Manufacturing accounted for less than 5% of GDP in 1999, but experienced 4.9% growth in 2000. Due to the high costs of production that result from inadequate infrastructure, Nigeria's manufacturing capacity utilization remains low. Industry as a whole contributed 33% of GDP in 2000, mostly in the oil sector.
Nigeria is the 10th largest producer of oil in the world, and third in Africa. The oil sector supplies 95% of foreign exchange earnings and over 90% of total exports. Nigeria has proven oil reserves of 22.5 billion barrels. Nigeria's crude oil refining capacity was 439,000 barrels per day in 2002. There are four refineries in Nigeria, and hydrocarbon production is centered around Eleme, Warri, and Kaduna. Sabotage, fires, extended maintenance, and management problems plague the oil industry, however. As well, there has been political unrest raised over the issue of the equitable sharing of Nigeria's oil profits with the population. Nigeria has an estimated 124 trillion cubic feet (Tcf) of natural gas reserves, and the natural gas industry is seen to have great potential.
In October 2002, the International Court of Justice ruled in favor of Cameroon in its border dispute with Nigeria over the oil-rich Bakassi peninsula.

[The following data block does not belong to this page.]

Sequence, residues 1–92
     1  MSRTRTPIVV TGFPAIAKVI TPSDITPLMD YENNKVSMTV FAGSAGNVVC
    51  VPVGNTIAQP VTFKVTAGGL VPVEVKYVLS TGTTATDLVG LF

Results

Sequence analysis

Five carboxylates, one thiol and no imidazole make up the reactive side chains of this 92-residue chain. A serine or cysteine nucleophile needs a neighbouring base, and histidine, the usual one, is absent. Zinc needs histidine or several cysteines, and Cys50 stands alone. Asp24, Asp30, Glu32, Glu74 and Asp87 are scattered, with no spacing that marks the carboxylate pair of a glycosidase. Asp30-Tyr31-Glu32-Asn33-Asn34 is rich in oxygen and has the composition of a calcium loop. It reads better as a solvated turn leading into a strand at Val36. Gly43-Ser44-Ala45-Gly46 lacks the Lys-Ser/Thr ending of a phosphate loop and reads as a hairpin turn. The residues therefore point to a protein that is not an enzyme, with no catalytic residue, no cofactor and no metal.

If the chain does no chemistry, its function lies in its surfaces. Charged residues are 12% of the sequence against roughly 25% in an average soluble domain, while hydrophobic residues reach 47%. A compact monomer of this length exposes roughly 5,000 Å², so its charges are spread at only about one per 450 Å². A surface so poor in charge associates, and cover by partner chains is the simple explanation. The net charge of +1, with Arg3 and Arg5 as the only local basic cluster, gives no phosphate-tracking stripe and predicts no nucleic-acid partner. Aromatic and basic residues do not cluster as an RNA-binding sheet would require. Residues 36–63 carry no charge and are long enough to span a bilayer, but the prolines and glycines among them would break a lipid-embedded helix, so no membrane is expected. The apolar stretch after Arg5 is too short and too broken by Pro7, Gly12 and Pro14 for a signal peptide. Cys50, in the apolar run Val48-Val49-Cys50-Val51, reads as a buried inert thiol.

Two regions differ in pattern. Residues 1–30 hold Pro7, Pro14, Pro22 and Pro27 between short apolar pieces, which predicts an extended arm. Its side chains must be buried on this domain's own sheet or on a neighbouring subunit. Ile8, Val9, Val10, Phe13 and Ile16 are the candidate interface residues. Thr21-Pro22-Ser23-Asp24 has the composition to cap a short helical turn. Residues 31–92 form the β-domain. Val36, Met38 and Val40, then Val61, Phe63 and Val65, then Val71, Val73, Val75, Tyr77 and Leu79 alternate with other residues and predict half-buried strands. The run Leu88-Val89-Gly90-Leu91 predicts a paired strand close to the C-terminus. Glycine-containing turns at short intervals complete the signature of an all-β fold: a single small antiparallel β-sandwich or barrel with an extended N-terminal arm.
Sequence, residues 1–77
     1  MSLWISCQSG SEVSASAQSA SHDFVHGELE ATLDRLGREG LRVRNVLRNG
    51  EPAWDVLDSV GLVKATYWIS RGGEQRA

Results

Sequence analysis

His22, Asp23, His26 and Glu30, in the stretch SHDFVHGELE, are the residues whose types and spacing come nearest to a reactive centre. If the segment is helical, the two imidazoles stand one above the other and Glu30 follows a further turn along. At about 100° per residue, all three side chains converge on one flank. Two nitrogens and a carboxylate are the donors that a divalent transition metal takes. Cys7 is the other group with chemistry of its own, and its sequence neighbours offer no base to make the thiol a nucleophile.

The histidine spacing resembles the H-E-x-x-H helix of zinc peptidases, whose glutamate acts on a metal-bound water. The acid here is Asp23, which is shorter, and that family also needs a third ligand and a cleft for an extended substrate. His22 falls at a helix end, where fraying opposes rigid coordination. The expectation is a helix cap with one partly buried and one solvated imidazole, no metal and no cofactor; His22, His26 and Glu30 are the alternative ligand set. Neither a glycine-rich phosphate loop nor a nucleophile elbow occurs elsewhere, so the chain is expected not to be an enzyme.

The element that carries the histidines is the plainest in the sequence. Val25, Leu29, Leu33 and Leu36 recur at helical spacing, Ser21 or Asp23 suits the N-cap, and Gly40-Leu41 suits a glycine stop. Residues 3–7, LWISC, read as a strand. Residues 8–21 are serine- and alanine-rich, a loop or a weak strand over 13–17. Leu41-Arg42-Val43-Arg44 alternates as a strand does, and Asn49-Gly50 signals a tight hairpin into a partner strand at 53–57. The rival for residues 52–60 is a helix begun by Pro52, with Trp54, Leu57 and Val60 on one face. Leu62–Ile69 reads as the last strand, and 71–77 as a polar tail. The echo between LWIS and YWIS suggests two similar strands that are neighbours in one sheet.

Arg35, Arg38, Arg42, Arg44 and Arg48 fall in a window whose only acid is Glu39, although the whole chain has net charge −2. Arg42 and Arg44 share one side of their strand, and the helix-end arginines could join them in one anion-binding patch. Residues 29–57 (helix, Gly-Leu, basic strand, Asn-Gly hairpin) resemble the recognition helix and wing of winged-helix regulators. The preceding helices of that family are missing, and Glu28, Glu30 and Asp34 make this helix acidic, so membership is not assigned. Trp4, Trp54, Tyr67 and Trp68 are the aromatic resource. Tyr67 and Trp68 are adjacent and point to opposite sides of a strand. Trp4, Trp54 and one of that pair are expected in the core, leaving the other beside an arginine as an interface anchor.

The textile industry is still in early stages of development. Between 60% and 70% of all raw materials used in textile production come from local sources. Foreign investment in the textile industry is led by Chinese and Indian investors. Other areas of expansion include cement production, tire production, and furniture assembly. The Delta Steel Plant at Aladja, built by a German-Austrian consortium, began production in 1982 and supplies three steel rolling mills at Oshogbo, Katsina and Jos. The steel complex at Abeokuta began producing in 1983 and was renovated in 1995. In 1999 most of these steel mills were inoperative, and the ones that did work had very small production rates.
Other important industries included sawmills, cigarette factories, breweries, sugar refining, rubber, paper, soap and detergent factories, footwear factories, pharmaceutical plants, tire factories, paint factories, and assembly plants for radios, record players, and television sets. Nigeria had five state-owned motor-vehicle assembly plants for Volkswagen, Peugeot, and Mercedes products. Nigeria's motor vehicle production rate increased by 10% in 2000–01.